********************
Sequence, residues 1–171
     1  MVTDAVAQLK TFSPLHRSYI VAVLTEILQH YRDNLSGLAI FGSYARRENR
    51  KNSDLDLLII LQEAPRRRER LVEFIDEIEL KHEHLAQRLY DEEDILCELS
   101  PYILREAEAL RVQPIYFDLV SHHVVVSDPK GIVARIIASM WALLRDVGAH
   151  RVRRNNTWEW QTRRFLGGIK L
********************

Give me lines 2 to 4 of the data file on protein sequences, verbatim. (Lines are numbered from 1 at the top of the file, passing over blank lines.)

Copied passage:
     1  MVTDAVAQLK TFSPLHRSYI VAVLTEILQH YRDNLSGLAI FGSYARRENR
    51  KNSDLDLLII LQEAPRRRER LVEFIDEIEL KHEHLAQRLY DEEDILCELS
   101  PYILREAEAL RVQPIYFDLV SHHVVVSDPK GIVARIIASM WALLRDVGAH